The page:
Fort Worth Convention Center
|Fort Worth Convention Center|
|Address||12 Houston St|
Fort Worth, TX 76102-6432
|Location||Sundance Square, Downtown Fort Worth|
|Owner||City of Fort Worth|
|Operator||Fort Worth Convention & Visitors Bureau|
|Opened||September 30, 1968|
($44.7 million in 2021 dollars)
|Tarrant County Convention Center (1968-97)|
|Banquet/ballroom||4,210 (Water Garden Events Plaza)|
3,544 (FWCC Ballroom)
|13,500 (FWCC Arena)|
|• Exhibit hall floor||227,613 square feet (21,145.9 m2)|
|• Breakout/meeting||58,849 square feet (5,467.3 m2)|
|• Ballroom||109,120 square feet (10,138 m2)|
The Fort Worth Convention Center (formerly known as the Tarrant County Convention Center) is a convention center and indoor arena located in Sundance Square in Fort Worth, Texas. The complex opened on September 30, 1968, and was expanded in 1983, 2002 and 2003.
The complex was proposed by county officials in 1961 as a competitor to the Dallas Convention Center and approved in 1967. Over 14 city blocks (previously known as "Hell's Half Acre") were demolished to make way for the new facility that opened in 1968. The building is noted for the indoor arena, resembling a flying saucer. In 1997 the City of Fort Worth purchased the facilities and properties, changing the complex's name to the Fort Worth Convention Center. In 2000 the JFK Theatre was demolished to make way for the Water Garden Events Plaza. In 2014 the city proposed to demolish the aging arena for an additional meeting space.
In January 2020; plans to demolish the Convention Center's arena were confirmed by Fort Worth's City Council; which in addition to the arena's demolition also included straightening Commerce Street, building a 1,000 seat hotel and adding over 50,000 square feet of exhibit space; with groundbreaking intended for 2022 or 2023.
Elvis Presley performed there on June 18, 1972. He returned for two dates on June 15 and 16, 1974, doing an afternoon and evening show on each day at the arena. He returned again on June 3 and July 3, 1976.
February 27, 1977 was selected as the first date of the Led Zeppelin North American Tour 1977 at the arena, but that tour was delayed in starting. The rescheduled Fort Worth date was May 22, 1977.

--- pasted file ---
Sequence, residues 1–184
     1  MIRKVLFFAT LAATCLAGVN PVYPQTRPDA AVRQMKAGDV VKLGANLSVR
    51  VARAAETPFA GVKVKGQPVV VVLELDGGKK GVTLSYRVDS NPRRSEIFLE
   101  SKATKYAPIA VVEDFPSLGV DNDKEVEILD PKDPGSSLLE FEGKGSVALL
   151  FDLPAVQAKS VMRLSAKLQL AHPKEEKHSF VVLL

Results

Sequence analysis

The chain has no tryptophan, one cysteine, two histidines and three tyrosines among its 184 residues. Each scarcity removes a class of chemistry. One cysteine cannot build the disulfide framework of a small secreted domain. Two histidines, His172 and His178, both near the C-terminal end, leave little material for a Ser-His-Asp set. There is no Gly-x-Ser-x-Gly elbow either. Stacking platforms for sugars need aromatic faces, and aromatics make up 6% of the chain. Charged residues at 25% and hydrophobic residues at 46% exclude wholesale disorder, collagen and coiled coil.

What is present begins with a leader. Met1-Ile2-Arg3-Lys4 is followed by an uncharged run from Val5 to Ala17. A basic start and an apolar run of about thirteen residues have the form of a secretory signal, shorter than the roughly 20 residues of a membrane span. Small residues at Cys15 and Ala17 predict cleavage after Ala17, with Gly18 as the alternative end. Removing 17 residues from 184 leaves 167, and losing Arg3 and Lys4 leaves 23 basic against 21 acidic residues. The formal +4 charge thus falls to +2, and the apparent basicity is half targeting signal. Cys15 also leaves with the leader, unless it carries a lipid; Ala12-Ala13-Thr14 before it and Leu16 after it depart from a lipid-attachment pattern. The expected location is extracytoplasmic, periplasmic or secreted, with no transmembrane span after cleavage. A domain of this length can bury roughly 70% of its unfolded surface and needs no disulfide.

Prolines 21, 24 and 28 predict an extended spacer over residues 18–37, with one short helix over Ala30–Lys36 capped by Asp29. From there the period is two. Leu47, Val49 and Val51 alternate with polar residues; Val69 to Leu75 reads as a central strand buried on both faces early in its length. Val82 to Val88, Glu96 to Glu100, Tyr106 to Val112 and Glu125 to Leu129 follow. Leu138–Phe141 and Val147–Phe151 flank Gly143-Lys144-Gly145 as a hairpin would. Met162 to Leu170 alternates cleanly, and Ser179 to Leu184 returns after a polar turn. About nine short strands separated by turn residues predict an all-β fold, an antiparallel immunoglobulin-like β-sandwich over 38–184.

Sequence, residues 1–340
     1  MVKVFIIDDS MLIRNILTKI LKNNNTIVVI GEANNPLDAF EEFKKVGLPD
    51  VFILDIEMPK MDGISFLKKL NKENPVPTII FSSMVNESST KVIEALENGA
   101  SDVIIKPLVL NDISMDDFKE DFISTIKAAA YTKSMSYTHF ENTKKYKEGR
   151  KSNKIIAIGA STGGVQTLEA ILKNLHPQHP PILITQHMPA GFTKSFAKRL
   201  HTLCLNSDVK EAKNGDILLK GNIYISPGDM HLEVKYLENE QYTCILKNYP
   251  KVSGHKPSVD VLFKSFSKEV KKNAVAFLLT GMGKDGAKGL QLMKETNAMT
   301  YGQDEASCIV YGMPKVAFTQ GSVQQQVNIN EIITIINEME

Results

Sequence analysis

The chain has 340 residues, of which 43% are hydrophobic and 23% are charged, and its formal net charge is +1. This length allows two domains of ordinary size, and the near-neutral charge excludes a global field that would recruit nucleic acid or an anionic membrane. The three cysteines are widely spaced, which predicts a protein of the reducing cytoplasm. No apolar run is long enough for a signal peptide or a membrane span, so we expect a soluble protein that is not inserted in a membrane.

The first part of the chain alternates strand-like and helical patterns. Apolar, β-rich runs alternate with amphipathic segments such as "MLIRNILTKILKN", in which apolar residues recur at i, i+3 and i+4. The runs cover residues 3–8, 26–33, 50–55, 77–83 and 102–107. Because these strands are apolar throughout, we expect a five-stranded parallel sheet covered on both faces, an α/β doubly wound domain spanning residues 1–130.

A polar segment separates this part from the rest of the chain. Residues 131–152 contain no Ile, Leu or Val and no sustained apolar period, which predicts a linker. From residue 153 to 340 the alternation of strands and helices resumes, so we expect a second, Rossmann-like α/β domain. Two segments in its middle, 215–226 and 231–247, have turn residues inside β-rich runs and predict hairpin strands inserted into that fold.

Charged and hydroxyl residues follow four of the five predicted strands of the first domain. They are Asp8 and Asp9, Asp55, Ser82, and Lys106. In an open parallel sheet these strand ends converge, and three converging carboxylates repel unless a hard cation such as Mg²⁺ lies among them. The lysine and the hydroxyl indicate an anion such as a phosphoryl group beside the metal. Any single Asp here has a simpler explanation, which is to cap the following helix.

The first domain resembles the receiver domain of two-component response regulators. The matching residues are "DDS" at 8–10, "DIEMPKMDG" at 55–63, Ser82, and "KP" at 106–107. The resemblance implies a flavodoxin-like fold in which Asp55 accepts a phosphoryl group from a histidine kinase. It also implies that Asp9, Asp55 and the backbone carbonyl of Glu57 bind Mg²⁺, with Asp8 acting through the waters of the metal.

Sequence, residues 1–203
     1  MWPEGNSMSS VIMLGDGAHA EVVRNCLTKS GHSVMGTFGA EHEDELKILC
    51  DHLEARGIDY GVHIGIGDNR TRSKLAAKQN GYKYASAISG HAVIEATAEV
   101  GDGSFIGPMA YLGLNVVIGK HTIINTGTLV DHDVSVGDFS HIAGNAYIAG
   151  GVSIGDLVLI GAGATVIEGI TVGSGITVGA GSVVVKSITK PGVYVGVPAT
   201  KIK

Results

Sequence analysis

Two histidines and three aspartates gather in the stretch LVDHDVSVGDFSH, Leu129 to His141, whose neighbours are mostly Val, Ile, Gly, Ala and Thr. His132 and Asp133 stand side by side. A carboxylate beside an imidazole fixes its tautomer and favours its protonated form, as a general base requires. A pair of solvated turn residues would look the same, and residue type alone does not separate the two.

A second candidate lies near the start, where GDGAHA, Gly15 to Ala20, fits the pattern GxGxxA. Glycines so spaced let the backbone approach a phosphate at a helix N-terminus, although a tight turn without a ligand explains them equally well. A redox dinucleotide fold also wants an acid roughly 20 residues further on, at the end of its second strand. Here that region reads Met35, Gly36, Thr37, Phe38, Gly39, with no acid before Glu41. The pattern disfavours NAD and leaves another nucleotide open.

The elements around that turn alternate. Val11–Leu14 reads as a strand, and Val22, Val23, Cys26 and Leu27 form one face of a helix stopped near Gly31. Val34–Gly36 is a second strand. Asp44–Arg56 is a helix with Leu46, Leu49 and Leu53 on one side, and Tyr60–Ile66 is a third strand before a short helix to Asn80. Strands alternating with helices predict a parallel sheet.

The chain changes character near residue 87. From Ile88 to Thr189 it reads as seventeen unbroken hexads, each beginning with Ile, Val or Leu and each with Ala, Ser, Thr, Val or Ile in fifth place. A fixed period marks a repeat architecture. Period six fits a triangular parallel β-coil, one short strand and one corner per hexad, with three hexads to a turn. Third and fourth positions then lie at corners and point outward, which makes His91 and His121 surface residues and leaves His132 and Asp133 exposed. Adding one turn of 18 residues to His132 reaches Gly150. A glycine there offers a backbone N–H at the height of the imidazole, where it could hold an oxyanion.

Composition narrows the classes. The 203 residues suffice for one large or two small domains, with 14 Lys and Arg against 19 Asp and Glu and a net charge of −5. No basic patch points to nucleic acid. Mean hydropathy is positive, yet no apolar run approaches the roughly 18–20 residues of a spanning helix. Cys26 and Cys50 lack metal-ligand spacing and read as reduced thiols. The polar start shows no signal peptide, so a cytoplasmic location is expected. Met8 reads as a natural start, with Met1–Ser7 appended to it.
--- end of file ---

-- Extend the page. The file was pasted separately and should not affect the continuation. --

On November 23 and 24, 1987, U2 performed two sold-out shows as part of their Joshua Tree tour. Parts of the second show were filmed and appeared in the feature film "Rattle and Hum", a documentary of the tour. The song "When Love Comes to Town" featuring B.B. King was prominent in the film.
- Texas Chaparrals (ABA) (1970–1971)
- Fort Worth Fire (CHL) (1992–1999)
- Fort Worth Brahmas (WPHL/CHL) (1997–2006)
- Fort Worth Cavalry (AFL) (1994)
- Fort Worth Flyers (NBA D-League) (2005–2007)
- North Texas Bulls (AAL) (2021–)
For a time in 1970–71, it hosted home games for the Texas Chaparrals of the American Basketball Association. At another time, it was the temporary home of the San Antonio Spurs. During the 1990s, the building was home to the Fort Worth Fire and Fort Worth Brahmas ice hockey teams, as well as the Arena Football League's Fort Worth Cavalry. From 2005 to 2007, it was home to the Fort Worth Flyers of the NBA Development League.
The 2018 National Association of Intercollegiate Gymnastics Clubs (NAIGC) held their 30th annual National Championships at the convention center.
- Fort Worth Convention Center Website
- World Class Memories: VIRTUAL WCCW TOUR - FORT WORTH CONVENTION CENTER
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- Salazar, Maritza (February 12, 2019). "BLACKPINK Announce 2019 In Your Area Tour: Dates and Tickets". vividseats.com. Retrieved January 23, 2020.
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- "NAIGC Concludes Record Setting 2018 National Championships". usagym.org. Retrieved 2018-09-02.